For Corilynn Wallace, the sweep couldn’t have come at a worse time.

It was Nov. 13, 2014, and Wallace was nine months pregnant. She says she was inside her tent when the city’s maintenance crew cordoned off the area around her in Kakaako and began clearing the encampment.

Wallace tried to pick up what she could, but most of her possessions ended up getting tossed into a dump truck.

But some items were spared. The maintenance crew placed them inside a large green plastic bin, so they could be stored — as specified by the stored property and sidewalk nuisance ordinances.

Under the terms of the statutes, Wallace had 30 days to retrieve her items — or they would be thrown out.

As it happened, that was too short of a time window for Wallace, who gave birth to her son 10 days later. She simply had to give up on her property.

Two years ago, when Corilynn Wallace went to retrieve her belongings after a sweep in Kakaako, she found that most of her electronics had been thrown out.

Two years ago, when Corilynn Wallace went to retrieve her belongings after a sweep in Kakaako, she found that most of her electronics had been thrown out.

Cory Lum/Civil Beat

It’s not that Wallace wasn’t familiar with the process for getting her stuff back. After a sweep a year earlier, also in Kakaako, she received a notice instructing her how to retrieve her items, so she followed every step.

First, Wallace scrounged up $200 and went to Honolulu Hale to pay the retrieval fee. She then called to make an appointment to visit a storage facility in Halawa. Finally, she borrowed a truck from her friend and drove nine miles from Kakaako to Halawa.

At the end of it all, Wallace came away bitterly disappointed: Most of her expensive electronics — a Toshiba laptop, a Samsung tablet, an iPad, and her daughter’s two iPod touches — were missing, apparently thrown out during the sweep.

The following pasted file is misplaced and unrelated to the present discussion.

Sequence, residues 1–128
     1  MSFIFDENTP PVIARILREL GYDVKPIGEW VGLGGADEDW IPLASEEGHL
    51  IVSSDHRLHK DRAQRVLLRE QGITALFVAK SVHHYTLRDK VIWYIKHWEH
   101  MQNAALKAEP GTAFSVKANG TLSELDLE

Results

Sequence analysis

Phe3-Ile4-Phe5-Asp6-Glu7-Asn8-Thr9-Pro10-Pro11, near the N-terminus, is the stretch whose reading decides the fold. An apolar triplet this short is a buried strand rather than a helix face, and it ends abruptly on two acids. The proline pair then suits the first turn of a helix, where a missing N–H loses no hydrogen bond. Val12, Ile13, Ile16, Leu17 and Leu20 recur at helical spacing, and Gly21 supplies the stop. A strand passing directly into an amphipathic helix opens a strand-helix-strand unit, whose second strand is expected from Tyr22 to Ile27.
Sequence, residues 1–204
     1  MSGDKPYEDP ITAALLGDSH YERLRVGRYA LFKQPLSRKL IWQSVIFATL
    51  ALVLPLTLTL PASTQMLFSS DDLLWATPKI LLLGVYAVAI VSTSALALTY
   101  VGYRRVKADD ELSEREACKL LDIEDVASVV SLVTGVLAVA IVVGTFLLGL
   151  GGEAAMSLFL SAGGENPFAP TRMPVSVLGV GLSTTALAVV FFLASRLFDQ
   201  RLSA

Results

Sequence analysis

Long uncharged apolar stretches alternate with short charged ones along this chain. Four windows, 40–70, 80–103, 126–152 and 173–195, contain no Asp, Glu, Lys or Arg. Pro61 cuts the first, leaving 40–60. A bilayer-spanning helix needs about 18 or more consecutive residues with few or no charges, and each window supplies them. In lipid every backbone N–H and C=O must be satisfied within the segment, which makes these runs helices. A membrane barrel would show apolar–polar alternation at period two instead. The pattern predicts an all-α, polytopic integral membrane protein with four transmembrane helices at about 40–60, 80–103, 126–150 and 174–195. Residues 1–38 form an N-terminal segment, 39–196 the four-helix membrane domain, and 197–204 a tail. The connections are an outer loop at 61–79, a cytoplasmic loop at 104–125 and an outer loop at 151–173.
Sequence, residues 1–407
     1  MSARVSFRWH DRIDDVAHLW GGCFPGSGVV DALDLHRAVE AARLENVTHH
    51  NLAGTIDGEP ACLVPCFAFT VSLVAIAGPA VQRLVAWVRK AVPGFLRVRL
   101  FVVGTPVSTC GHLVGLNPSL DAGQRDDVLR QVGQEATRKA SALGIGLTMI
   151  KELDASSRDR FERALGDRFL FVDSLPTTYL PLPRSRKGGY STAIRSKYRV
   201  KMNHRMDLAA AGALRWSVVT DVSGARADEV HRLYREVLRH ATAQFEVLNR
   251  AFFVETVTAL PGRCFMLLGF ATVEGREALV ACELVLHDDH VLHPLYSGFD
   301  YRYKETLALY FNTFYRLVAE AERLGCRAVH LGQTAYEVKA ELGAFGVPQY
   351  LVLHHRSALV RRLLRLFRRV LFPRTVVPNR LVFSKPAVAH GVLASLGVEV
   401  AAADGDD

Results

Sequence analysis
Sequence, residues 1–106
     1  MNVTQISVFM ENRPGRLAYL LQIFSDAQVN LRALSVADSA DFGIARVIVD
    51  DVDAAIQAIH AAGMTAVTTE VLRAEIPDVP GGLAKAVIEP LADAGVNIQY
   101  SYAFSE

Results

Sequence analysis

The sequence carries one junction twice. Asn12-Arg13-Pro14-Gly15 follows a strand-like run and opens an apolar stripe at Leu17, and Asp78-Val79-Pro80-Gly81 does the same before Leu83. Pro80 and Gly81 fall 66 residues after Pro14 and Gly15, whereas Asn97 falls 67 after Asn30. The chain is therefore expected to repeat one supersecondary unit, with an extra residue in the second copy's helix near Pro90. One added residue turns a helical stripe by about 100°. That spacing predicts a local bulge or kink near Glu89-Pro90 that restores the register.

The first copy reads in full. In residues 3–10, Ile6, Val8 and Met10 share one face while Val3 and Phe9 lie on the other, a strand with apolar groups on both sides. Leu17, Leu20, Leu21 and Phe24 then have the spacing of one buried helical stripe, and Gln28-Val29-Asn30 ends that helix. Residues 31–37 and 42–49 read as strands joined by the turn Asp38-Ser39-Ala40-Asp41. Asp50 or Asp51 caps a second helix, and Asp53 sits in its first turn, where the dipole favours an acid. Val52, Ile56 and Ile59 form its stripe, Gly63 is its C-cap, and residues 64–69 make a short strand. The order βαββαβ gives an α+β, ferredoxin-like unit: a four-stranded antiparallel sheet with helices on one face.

“Everything that was of value was not there when I went to get it back,” Wallace said. “They say they have a process for us to get our things back, but what they’re not saying is how much of it is actually stored and what goes missing. That’s the messed up part that we have to deal with.”

Critics say Wallace’s experience is a case study in the city’s failure to establish a meaningful system for homeless people to retrieve their confiscated property.

In fact, the system is so woefully inadequate that it amounts to an infringement of due process rights, according to a federal class-action lawsuit filed by 15 people who are or have been homeless.

“Even if the city were to impound the property, the procedures for getting it back are so onerous and byzantine that most people decide, ‘Look, it’s futile for me to try to go get my property back.’” said Daniel Gluck, legal director of the American Civil Liberties Union of Hawaii, which is representing the plaintiffs along with the law firm of Alston Hunt Floyd and Ing.

Ross Sasamura, director of the Honolulu Department of Facility Maintenance, declined to comment for this story, citing the pending lawsuit.